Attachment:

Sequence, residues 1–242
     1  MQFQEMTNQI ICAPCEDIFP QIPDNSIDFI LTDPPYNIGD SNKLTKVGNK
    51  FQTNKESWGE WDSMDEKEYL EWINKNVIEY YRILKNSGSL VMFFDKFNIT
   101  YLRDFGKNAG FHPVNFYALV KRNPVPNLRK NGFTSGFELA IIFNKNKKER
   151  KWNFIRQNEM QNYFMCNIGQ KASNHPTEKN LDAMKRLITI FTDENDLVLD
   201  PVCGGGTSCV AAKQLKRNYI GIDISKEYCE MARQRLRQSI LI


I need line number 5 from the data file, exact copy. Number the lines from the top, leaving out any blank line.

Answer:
   151  KWNFIRQNEM QNYFMCNIGQ KASNHPTEKN LDAMKRLITI FTDENDLVLD